Regarding my uncertainties pertaining to the novel as part of a trilogy which I had when reading Beguiling the Beauty, I have to say that they never got quite resolved – Tempting the Bride suffers from the symmetrical problem, i.e. a large part of the previous relationship between David and Helena was already spread out in the two previous problem, so it feels in parts like that is getting a bit of the short shrift here, in particular where Helena’s history with Andrew is concerned. And on the other hand, one really would have liked (well, this reader would have, in any case) to read more about how the couples from the two previous volumes are faring – they do make appearances here, but not nearly as much as Millie/Fitz and Helena/David did in the first volume, or Helena/David in the second, which means that by this third volume we’re back to the conventional model of recurring characters rather than the genuine trilogy as which this started out. Which is a bit of a pity.

I admit, I was frowning a lot about the amnesia at first – that’s about the most tired plot device ever and hardly ever works the way it is supposed to. This here proved to be one of the few exceptions however, and while I still am not exactly enthusiastic about it and think it’s more than a bit contrived, Sherry Thomas handled it quite well as a reboot of Helena’s and David’s relationship and also made a very nice point about how past experiences colour present perceptions. Bea was a nice touch, too, sweet but not cloying, and thinking back on the novel, I think it’s mostly the nice touches which made it enjoyable read – the plot is nothing to write home about, the characters okay but not really that fascinating, but it is the wealth of lovely details that made the most impression and will likely stick in memory – Hasting’s murals, the tiny stethoscope, Bea’s trunk and many others. In short, Tempting the Bride may not be Sherry Thomas’ best effort, but it’s a quite pleasurable read that kept me effortlessly entertained for several hours.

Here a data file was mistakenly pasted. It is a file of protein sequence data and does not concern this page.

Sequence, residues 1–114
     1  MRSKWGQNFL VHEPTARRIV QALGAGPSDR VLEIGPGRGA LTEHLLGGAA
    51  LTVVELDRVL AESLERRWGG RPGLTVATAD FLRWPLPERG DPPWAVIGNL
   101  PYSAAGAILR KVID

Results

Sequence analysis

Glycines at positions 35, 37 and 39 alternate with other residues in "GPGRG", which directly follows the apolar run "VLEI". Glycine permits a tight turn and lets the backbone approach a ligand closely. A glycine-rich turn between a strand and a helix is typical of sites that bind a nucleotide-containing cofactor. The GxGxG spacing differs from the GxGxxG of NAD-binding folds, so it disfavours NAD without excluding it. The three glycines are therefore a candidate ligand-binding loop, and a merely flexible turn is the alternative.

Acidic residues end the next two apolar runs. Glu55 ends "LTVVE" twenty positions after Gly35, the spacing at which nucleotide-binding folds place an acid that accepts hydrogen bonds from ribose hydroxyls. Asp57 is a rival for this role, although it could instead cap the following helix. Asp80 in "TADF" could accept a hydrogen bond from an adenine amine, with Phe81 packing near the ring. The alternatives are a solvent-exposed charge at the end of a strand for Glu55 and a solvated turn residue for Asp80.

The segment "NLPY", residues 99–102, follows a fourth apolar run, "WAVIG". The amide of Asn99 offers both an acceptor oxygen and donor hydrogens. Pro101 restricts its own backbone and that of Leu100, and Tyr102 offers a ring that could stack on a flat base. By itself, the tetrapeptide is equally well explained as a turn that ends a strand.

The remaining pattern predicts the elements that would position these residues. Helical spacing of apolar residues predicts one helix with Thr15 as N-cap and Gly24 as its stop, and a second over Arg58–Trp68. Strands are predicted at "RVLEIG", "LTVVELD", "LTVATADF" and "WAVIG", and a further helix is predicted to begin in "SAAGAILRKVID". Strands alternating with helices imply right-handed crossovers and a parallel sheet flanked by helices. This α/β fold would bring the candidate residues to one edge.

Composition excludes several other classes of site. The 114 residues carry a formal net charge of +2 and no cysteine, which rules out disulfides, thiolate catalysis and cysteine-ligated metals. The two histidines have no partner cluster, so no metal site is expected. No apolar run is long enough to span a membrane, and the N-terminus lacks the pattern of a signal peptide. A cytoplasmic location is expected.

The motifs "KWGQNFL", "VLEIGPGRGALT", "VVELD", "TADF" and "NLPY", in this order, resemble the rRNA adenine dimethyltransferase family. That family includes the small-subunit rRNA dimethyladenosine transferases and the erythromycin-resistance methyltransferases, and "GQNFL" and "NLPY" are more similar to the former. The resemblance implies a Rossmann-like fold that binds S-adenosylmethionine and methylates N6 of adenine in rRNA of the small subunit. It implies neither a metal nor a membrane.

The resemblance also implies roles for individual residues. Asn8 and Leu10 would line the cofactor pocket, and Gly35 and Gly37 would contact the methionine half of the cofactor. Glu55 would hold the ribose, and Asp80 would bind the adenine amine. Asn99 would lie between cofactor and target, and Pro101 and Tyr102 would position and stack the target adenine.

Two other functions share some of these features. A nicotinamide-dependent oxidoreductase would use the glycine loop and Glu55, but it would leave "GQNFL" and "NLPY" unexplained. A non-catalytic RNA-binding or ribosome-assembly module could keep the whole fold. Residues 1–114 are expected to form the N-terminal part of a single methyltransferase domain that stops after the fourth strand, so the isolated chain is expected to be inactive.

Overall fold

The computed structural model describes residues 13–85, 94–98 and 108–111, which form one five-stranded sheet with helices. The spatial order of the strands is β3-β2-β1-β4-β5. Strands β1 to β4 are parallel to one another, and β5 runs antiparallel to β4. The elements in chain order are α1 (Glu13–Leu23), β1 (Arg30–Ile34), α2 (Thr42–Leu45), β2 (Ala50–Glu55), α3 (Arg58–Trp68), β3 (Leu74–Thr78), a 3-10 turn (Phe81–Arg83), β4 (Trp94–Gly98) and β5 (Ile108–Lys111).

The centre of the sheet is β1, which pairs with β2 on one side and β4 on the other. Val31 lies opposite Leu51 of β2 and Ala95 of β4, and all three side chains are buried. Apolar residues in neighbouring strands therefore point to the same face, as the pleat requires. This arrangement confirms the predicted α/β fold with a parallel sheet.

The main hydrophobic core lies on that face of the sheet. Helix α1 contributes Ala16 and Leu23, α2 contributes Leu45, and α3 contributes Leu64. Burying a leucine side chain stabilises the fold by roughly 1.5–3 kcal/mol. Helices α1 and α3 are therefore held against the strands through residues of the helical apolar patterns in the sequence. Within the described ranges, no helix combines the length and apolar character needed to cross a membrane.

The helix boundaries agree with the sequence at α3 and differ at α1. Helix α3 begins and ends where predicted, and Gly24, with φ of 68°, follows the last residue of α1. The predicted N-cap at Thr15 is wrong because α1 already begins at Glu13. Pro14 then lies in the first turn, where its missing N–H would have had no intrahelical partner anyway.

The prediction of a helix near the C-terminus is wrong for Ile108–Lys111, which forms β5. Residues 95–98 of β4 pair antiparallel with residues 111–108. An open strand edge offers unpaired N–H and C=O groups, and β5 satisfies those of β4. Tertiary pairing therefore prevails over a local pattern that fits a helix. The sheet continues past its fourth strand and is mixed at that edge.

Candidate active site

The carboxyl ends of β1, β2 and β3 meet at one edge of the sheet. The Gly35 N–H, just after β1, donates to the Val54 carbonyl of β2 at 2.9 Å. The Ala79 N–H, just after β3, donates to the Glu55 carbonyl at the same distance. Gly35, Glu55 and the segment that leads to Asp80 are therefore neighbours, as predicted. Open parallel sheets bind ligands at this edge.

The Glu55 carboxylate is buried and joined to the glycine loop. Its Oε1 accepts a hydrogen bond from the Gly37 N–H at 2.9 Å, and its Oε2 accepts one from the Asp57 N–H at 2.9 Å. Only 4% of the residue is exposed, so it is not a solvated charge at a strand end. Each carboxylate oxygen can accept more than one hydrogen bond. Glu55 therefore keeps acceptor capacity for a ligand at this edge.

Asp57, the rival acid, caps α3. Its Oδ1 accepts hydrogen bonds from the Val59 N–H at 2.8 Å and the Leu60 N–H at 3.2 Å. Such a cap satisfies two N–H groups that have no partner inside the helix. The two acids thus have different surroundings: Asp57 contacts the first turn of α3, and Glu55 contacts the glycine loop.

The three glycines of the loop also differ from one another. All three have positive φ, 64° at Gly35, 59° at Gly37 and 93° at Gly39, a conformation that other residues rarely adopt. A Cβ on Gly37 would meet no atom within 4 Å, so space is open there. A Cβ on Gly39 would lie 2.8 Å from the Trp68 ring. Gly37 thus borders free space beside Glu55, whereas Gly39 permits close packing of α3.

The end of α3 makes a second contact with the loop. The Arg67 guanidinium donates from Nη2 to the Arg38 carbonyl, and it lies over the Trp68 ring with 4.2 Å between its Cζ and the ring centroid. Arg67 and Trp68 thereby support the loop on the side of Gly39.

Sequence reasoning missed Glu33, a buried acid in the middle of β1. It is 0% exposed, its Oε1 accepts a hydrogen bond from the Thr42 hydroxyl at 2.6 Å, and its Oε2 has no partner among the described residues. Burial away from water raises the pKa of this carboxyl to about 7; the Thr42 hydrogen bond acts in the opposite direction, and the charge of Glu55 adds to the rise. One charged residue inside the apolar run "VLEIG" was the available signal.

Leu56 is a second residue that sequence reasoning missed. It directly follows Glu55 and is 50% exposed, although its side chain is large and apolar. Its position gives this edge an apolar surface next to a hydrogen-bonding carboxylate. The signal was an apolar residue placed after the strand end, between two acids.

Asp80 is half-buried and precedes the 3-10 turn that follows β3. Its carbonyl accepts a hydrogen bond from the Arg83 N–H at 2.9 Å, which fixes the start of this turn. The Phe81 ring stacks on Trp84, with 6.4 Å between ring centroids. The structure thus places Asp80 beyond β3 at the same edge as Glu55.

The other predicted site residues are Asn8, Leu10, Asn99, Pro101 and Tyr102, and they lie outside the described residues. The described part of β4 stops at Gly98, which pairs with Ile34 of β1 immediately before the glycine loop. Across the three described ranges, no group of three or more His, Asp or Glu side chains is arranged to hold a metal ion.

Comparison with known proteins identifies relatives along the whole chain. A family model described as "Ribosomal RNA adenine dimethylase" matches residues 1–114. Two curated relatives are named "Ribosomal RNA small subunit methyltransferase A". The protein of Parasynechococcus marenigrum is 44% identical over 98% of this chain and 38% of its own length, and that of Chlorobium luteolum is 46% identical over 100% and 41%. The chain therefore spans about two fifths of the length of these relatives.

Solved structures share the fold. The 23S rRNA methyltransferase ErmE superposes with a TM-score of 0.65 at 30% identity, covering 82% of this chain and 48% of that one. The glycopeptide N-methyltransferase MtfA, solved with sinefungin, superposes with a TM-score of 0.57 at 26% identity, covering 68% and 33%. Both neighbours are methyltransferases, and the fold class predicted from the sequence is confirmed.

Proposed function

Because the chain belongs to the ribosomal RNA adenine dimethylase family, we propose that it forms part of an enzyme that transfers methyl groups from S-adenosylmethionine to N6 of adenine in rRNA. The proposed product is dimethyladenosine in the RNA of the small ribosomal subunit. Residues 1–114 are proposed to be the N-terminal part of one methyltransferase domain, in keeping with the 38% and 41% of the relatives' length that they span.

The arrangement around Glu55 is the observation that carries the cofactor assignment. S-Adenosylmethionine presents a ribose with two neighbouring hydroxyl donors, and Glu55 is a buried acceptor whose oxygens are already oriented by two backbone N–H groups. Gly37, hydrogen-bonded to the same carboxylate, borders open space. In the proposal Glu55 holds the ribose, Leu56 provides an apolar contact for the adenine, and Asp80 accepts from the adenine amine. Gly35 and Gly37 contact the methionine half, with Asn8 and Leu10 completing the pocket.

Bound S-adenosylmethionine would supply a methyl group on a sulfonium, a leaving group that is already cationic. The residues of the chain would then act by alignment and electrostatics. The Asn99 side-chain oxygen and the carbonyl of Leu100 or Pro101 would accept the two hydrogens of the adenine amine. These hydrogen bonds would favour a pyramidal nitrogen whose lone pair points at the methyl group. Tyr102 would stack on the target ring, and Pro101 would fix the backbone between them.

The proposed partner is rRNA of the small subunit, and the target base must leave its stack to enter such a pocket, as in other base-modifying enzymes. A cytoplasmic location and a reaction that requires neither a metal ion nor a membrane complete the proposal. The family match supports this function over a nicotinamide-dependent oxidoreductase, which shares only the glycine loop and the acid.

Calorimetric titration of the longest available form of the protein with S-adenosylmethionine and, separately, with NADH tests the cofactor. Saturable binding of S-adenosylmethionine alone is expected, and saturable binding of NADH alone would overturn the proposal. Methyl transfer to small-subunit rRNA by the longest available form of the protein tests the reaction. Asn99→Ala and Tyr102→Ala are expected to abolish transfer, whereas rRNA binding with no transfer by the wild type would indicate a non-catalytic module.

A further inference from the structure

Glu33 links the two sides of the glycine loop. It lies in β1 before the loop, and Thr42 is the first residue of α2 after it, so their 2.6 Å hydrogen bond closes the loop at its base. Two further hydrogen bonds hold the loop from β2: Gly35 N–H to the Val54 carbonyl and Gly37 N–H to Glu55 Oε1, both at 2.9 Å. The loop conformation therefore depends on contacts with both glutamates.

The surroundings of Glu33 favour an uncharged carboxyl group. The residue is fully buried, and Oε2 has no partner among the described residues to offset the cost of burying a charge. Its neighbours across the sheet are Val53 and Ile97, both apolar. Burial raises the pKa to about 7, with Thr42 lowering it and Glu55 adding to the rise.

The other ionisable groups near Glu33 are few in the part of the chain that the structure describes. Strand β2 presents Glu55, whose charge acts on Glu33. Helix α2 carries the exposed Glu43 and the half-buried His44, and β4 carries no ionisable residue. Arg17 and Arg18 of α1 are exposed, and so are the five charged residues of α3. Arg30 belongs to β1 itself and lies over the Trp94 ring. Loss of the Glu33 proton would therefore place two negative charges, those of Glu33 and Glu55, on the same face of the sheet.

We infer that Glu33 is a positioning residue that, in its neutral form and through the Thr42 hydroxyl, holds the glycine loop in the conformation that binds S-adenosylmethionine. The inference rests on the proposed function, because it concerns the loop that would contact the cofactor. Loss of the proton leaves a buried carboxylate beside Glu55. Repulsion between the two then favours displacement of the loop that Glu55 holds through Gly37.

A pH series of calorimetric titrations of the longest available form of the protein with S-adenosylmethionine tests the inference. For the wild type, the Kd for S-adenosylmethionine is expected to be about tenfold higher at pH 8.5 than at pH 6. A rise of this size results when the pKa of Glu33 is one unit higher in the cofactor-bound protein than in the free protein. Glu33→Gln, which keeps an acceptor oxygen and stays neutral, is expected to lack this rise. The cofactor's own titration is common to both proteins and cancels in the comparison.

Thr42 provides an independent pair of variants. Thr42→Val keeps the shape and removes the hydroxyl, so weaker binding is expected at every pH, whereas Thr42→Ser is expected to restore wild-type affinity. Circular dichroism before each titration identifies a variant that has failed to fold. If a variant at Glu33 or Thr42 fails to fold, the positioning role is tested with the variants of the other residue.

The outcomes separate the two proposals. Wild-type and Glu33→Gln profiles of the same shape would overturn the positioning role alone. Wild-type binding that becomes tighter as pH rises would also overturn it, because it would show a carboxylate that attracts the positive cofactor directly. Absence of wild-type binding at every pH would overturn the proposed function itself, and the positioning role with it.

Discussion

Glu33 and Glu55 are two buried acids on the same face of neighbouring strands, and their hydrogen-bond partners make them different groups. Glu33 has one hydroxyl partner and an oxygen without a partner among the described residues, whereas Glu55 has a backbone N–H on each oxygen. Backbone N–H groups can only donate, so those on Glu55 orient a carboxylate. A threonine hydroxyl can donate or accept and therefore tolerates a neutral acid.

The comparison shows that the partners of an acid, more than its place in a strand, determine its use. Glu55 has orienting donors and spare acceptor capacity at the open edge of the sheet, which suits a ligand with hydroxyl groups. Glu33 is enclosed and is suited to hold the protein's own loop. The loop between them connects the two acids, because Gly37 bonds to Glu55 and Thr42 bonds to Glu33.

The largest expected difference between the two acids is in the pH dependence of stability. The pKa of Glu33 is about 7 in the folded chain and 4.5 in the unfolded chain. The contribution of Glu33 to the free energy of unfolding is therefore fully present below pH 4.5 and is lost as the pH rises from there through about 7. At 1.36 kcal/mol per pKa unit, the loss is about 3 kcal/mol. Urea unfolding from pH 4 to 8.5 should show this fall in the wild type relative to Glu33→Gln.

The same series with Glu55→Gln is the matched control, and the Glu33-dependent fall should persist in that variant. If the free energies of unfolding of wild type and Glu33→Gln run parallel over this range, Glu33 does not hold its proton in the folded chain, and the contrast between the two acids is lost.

Larou | Nov 11, 2014 |
I love the premise and plot-line of this book, but am disappointed in the final product. In her earliest books the author spoiled readers, with the lush verbiage of a true philologist. That love of words is not apparent here. Too bad, as I believe this book would have been a heart-wrenching winner. ( )
  Conkie | Oct 27, 2013 |
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Author nameRoleType of authorWork?Status
Sherry Thomasprimary authorall editionscalculated
Sterlin, JennyReadermain authorsome editionsconfirmed
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Epigraph
Dedication
To Ivy Adams,
for your limitless generosity and awesomeness
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PROLOGUE
January 1896
David Hillsborough, Viscount Hastings, had never been in love.
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When he elopes with Helena Fitzhugh, who has despised him since they were children, to save her reputation, Viscount Hastings gets a second chance to prove his love after a carriage accident robs Helena of her memory.

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Penguin Australia

An edition of this book was published by Penguin Australia.